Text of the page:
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31. Because Barry Diller and Diane von Furstenberg Are Adding a Wing to Manhattan


Illustration by J. Darrow  

Where other than New York can two public ­figures of extraordinary renown remake an entire flank of the city into an exquisite architectural playground? In their golden years, Barry Diller and Diane von Furstenberg have chosen to lavish a formerly unthinkable amount of dough on Manhattan’s West Side, including a recently announced free-floating park near 14th Street, dotted with enormous trees and three performance areas. “Ten years ago, we had a really rotten waterfront on the West Side—and I do think it’s appropriate to say the West Side rather than the Lower West Side,” says Diller on a recent afternoon. “Many cities glorify being on the water! Here, the farther west you went, the crummier it got.”

Which was nothing a few hundred million couldn’t fix. Today, with their investment in both IAC and DVF’s headquarters, the High Line, the Hudson Yards’ forthcoming Culture Shed—rumored to be the new home of Fashion Week—and, now, this crazy little “Pier 55” park, Diller and von Furstenberg have reformed the look of the city’s west end. “I just love public spaces,” says Diller, mentioning a fondness extending from the “parks of New Orleans to the squares of Savannah, to the extraordinary publicness of Washington, D.C.” He likes them in an ­Emersonian sense, for their peace and stillness, and “also in the other sense,” he says, “for their stimulation. A statue in a corner, a little fountain—those things bring a good feeling to people.” On the new island, there will even be a Greek amphitheater: “Early on in the process, we had a reference picture of a classic, moss-covered amphitheater,” says Diller, who worked on the project with Scott Rudin, Stephen Daldry, and George Wolfe. “And now we have one, as state of the art as can be.”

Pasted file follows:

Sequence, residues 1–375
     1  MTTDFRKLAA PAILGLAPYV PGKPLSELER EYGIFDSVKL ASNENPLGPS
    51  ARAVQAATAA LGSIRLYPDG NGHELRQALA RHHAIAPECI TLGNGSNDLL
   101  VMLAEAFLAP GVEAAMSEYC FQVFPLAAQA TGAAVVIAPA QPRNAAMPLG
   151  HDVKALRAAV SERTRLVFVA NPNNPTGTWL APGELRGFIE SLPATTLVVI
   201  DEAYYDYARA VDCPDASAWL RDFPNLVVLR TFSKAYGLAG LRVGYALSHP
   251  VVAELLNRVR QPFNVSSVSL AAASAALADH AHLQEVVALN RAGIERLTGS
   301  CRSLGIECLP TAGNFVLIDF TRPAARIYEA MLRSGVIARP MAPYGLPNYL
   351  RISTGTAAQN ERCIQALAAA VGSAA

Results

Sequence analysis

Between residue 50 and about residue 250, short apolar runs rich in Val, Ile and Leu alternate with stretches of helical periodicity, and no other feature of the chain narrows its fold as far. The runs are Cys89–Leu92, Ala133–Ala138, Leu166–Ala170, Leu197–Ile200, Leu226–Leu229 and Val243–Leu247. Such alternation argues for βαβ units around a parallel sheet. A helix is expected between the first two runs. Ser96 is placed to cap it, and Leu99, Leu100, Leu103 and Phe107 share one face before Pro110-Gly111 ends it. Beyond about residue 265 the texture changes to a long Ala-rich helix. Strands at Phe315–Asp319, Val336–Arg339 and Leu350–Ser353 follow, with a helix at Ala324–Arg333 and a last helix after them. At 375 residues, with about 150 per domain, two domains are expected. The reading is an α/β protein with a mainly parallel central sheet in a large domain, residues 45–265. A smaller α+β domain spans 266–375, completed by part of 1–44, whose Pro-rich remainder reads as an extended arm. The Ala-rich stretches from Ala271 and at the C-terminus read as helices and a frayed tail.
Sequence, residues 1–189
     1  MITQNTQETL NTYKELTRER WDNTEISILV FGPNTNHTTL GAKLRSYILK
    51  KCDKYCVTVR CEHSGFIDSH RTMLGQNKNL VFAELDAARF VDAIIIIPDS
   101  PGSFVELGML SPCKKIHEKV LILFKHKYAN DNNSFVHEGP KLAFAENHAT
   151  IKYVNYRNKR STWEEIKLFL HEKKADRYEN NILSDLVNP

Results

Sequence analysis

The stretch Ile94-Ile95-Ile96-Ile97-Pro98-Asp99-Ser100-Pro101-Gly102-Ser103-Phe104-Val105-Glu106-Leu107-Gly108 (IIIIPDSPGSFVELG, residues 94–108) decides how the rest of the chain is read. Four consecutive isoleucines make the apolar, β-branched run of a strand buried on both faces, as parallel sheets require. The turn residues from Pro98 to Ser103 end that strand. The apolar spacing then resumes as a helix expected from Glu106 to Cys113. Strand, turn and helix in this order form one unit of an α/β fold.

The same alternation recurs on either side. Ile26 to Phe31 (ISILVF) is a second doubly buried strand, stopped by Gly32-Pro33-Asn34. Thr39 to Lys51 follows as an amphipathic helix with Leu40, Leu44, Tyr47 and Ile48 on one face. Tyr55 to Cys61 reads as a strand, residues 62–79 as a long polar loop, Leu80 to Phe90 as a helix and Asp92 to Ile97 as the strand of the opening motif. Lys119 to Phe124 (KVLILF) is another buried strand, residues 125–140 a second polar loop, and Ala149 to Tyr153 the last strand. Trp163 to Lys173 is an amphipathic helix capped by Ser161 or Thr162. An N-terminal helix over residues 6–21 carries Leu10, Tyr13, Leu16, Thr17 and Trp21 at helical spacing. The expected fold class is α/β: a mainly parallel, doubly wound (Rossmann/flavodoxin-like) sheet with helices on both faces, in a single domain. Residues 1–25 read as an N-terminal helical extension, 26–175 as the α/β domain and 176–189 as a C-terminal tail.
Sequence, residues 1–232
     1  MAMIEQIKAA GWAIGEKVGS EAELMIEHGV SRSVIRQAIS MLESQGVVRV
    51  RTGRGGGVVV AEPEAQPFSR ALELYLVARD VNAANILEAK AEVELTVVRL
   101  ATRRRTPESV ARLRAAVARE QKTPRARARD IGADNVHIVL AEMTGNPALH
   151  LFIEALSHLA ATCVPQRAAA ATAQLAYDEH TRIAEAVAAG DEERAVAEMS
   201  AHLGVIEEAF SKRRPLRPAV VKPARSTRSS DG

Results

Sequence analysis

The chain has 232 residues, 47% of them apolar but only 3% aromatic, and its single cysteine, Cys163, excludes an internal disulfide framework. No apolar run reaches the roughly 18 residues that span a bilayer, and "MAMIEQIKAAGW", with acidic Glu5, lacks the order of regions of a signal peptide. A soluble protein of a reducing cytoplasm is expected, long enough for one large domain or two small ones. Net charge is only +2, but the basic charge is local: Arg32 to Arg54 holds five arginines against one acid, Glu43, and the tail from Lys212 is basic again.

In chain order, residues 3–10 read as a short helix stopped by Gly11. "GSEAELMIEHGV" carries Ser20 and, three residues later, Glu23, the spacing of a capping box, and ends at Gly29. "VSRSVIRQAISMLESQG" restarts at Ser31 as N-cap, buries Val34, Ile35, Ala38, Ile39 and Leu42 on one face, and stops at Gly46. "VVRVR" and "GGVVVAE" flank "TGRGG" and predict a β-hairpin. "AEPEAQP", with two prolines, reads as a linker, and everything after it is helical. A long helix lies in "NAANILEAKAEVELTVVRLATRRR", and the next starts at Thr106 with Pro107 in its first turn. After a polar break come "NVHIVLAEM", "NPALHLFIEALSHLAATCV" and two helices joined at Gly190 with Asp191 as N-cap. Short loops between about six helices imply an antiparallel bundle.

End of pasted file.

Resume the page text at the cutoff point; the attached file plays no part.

Is the park a bit of noveaux noblesse oblige in the age of Piketty’s Capital? “Somebody has to [make parks], with New York budgets,” says Diller. “I don’t know if it’s important, or part of it isn’t very important. I’m certainly not curing ­cancer, and if you say, ‘Why don’t you spend your money on something that will save lives?’ Well, I think we do,” he says, referring to the couple’s manifold philanthropy. But to Diller, it’s worth it to be ambitious about forgotten places. “There’s a value there, in public spaces,” he says. “I know they have value to me.”


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